Posts Tagged ‘John Guillermin’

Some movies win deserved obscurity simply through not being terribly good; others carve out a certain notoriety on the grounds of their lack of achievement – more often, it must be said, when they don’t earn money, than because they’re simply not very good. And then there are films which have seemingly been stricken from history, such is their simple, audience-repelling, critic-stupefying horror.

John Guillermin’s King Kong Lives was released in the US in 1986, promptly tanking spectacularly. It never got a theatrical release here in the UK; to my knowledge it’s never been shown on TV in this country, either. It was nearly ten years old before I found out it even existed. This is a seriously obscure movie, especially when you consider the name-recognition factor of the King Kong brand, and I was rather delighted to find a free-to-view copy of it somewhere on t’internet. Obviously, I expected it to be bad. I didn’t expect it to be quite as bad as it was, though.

Hey ho: the movie opens with a reprise of the climax of the 1976 King Kong, with the big hairy guy getting machine-gunned off the top of the World Trade Centre while Jeff Bridges and Jessica Lange look on in horror (Bridges and Lange probably reprised these expressions when they heard their performances were going to be reused in this movie).

Ten years later, and in defiance of all logic, reason, and common sense, the boffins of the ‘Atlanta Institute’ are keeping Kong alive and sedated. Despite having been chopped to bits by cannon shells and then fallen over four hundred metres onto rather solid concrete, Kong seems in pretty good shape, and despite the fact that he went on a rampage through New York City killing dozens, if not hundreds of people, the folk at the institute really seem to care about him. President of the Kong club is Amy Franklin (Linda Hamilton, still fairly fresh from The Terminator), who has knocked up a bionic heart for him. The problem, she gravely reveals, is that Kong has been in a coma so long his blood has gone all rubbish. In order to get the replacement heart into him, they need a source for a blood transfusion, and no such donor exists. Bummer.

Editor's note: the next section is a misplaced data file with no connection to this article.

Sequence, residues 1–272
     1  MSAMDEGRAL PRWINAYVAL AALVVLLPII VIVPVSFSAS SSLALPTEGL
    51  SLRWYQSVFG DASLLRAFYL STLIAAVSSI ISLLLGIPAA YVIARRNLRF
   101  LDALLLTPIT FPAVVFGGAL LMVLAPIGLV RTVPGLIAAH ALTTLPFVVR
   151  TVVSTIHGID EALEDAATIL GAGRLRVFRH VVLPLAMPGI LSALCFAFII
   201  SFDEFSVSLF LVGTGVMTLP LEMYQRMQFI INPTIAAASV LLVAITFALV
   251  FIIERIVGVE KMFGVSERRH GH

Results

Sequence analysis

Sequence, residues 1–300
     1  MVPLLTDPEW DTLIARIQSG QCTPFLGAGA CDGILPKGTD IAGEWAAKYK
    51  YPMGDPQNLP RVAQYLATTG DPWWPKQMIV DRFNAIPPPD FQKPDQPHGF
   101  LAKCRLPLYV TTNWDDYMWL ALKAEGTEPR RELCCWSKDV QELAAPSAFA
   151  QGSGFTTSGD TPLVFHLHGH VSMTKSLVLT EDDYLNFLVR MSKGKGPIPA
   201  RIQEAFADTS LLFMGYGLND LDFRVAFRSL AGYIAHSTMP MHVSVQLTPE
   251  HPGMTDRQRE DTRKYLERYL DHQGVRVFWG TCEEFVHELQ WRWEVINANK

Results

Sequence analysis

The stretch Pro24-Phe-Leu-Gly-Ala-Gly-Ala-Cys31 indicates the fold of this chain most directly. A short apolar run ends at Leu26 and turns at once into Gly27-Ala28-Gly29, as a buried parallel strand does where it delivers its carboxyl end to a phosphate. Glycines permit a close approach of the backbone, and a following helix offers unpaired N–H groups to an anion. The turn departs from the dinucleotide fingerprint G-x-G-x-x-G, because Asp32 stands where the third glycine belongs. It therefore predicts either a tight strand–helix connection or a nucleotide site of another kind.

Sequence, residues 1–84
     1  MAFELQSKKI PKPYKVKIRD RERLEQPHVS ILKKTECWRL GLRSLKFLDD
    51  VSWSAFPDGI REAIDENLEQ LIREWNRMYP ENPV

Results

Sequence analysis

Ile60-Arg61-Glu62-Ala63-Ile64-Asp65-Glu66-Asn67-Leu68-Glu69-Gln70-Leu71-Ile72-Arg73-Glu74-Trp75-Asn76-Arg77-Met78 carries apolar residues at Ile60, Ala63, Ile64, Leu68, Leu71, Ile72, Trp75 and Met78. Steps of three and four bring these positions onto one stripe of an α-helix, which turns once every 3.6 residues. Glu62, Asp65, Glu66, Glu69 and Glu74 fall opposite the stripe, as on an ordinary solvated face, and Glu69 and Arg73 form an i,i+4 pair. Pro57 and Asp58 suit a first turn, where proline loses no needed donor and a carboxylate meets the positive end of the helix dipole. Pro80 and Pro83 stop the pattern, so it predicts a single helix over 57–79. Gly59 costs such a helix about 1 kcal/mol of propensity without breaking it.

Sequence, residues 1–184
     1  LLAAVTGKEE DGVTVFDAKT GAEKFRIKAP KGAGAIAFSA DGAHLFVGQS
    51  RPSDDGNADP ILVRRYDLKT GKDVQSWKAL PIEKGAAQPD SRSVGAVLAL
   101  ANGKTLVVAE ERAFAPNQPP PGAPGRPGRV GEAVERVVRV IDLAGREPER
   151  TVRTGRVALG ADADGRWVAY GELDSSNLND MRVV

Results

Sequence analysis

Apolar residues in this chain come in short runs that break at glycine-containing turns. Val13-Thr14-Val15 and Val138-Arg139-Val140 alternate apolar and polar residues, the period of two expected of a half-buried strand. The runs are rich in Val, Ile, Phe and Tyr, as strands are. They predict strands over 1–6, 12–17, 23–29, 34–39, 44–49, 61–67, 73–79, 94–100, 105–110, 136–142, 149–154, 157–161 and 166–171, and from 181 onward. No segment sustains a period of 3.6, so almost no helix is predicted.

But wait! Off in the wilds of Borneo, extravagantly-coiffured adventurer Hank Mitchell (Brian Kerwin – no, me neither) is minding his own business when he happens upon another giant ape. Luckily, the locals are able to shoot the outsized primate full of tranquiliser darts so he can capture it. That’s a coincidence, you may be thinking – what’s rather more striking (and blatantly so) when watching the movie is that Mitchell’s introduction, his discovery of the ape, and then its capture, all take place within the space of two and a half minutes. None of this character development and suspense malarkey in King Kong Lives! This movie has more important things to get to!

Such as… well, the board of the Atlanta Institute decide that they really like giant uncontrollable gorillas and buy Mitchell’s discovery from him. This is against Amy’s wishes, as she’s concerned that the presence of a female (yup, it’s a girl) may do things to Kong’s blood pressure, bad news given he has his heart transplant coming up. But she is overruled and the female ape…